The team can say it's happy it didn't commit to a long-term deal, but it's still losing him and getting nothing in return.
They are the smartest guys in the room and if you gave them a choice between losing money and losing a player, the members of the Wild brain trust would go for losing the player every time.
Thus, there might be a tinge of front office disappointment that the Wild will be losing the most dynamic player in franchise history and get nothing in return, but you can be assured that Doug Risebrough and his minions will spend much time congratulating themselves for not committing to a long-term contract for many millions to Marian Gaborik.
Risebrough and Co. have the advantage of being able to claim all their decisions are correct, and validate this by pointing to an ongoing sellout streak that dates to the first game played in Xcel Energy Center in the fall of 2000.
Last summer, they were correct not to give Brian Rolston a fourth year in a contract extension, since Risebrough knew that in today's NHL moving the puck from the back line was more vital to scoring goals than veteran forwards with a track record for production.
They also were correct not to trade Gaborik coming off his healthy, high-scoring 2007-08 season in September. That way, the Wild could trade Gaborik near the March 4 deadline for a package of young, inexpensive talent and draft choices to a Stanley Cup contender.
The smartest guys in the room were right on these matters, and have 18,568 nightly ticket buyers to prove it, and that makes them right even when they are wrong.
On Friday, it became official that Gaborik will undergo hip surgery and not return until mid-March, at the earliest. This caused an emergency meeting of the Turkey Committee, which decided not to rescind the Turkey of the Year award presented to Gaborik this past Thanksgiving.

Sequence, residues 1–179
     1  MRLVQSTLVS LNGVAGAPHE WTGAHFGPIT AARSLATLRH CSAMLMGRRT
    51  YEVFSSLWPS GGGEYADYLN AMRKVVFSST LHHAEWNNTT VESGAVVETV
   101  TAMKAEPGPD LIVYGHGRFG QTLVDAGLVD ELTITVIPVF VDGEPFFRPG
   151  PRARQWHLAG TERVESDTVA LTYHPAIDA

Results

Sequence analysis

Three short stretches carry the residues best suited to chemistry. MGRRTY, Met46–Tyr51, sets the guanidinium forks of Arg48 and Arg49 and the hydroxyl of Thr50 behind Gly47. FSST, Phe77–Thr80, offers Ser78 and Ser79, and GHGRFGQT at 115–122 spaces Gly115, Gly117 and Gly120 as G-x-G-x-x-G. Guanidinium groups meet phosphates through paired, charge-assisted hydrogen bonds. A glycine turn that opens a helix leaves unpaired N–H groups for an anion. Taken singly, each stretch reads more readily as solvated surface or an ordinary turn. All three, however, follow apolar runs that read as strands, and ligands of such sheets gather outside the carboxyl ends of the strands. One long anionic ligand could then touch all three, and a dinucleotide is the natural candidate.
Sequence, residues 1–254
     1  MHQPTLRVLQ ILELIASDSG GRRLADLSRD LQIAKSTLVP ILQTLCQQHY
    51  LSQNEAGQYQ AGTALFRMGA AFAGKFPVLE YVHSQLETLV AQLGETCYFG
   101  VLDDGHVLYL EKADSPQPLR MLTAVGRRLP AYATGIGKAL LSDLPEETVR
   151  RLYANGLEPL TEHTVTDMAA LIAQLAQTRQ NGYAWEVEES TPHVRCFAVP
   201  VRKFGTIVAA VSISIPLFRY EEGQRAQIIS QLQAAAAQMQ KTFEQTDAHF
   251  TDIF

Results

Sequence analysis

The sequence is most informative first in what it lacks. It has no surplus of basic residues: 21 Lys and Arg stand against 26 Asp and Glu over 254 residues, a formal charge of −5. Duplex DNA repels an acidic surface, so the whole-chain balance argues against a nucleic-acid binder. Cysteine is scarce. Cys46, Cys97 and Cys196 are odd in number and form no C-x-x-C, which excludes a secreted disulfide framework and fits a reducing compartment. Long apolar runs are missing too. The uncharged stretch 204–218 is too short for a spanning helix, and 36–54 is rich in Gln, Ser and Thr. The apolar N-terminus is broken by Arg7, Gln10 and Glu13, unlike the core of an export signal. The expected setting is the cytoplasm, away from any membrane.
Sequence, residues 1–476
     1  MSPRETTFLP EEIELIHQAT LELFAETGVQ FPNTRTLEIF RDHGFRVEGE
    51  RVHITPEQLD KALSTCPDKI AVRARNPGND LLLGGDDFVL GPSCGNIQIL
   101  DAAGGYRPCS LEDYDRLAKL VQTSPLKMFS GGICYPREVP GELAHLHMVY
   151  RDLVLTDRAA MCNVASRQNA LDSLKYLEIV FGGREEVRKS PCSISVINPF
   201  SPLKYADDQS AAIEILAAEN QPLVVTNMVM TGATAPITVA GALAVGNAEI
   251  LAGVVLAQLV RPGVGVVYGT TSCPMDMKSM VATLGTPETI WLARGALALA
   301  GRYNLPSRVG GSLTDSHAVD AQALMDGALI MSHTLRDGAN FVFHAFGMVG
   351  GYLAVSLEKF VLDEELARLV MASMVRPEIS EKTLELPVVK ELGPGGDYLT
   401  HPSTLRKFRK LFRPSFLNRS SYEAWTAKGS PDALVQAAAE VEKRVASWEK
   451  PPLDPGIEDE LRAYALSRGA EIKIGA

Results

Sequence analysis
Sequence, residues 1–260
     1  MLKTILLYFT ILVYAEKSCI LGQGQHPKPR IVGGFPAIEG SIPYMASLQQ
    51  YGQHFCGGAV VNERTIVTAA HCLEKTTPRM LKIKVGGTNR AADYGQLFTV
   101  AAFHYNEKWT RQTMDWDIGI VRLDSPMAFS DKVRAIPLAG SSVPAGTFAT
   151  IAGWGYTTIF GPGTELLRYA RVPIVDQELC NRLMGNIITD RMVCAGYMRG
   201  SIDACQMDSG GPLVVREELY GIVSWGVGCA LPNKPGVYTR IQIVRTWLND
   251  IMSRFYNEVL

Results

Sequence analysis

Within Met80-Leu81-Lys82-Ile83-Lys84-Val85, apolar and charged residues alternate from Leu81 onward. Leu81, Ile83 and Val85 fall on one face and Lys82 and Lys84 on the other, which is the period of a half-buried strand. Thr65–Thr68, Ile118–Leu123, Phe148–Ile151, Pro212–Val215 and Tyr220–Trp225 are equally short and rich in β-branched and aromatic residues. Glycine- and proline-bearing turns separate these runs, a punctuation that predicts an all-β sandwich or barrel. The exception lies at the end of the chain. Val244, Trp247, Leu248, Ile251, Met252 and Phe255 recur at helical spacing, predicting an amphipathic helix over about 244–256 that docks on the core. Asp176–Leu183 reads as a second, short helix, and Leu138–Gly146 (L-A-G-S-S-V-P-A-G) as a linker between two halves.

That said, Gaborik now comes out of this looking more reasonable than does Risebrough. The Wild boss wanted Gaborik to keep skating and try to return to the lineup, even after the free agent-to-be was told by his Colorado specialist that there was a "hip deficiency'' that would require surgery to repair.
There was a heated exchange when Risebrough was informed by Gaborik that he planned to have surgery. Risebrough made it known during a Friday conference call that he didn't approve of the decision.
Asked if he would have preferred Gaborik to attempt a return to the lineup, Risebrough said: "I'm disappointed that he won't be here with us for this point in the season. But this is the choice that Marian has made. So I have no other comment.''
And you over there, Tom Lynn, give Doug a "harrumph.'' And you, Chris Snow, give Doug a "harrumph.'' And you, the Cult of 18,000, give Doug your "harrumph.''
The humorous part of Risebrough's media call Friday was the persistence with which he kept saying Gaborik would be back in the lineup in 10 weeks.
The surgery is Monday and the actual medical outlook for Gaborik's return is 10 to 14 weeks. There are two very good reasons to anticipate the longer time frame:
One, there's now obvious acrimony between Gaborik and Risebrough; and two, Gaborik's history as a slow healer.
The best bet today is Gaborik has played his last game for the Wild. He'll hit the market this summer with two surgically repaired hips, sign a one-year contract with a contending team -- such as Marian Hossa did with Detroit -- and re-establish himself as a star.
The Wild? Lemaire will get his lads to play even more defense and keep his team on the cusp of playoff contention over the next two months. Then, as the March 4 trade deadline approaches and other teams yield prospects for reinforcements, Risebrough will strike.
A year ago, the acquisition was Chris Simon, a misunderstood gentleman now trying to start World War III in the Russian league. The prediction here is that this is the move Risebrough has on his hip, so to speak:
He's going to bring in at the cost of nothing another misunderstood chap -- Sean Avery.
Go for it, Doug. Harrumph, harrumph.
Patrick Reusse can be heard weekdays on AM-1500 KSTP at 6:45 and 7:45 a.m. and 4:40 p.m. • email@example.com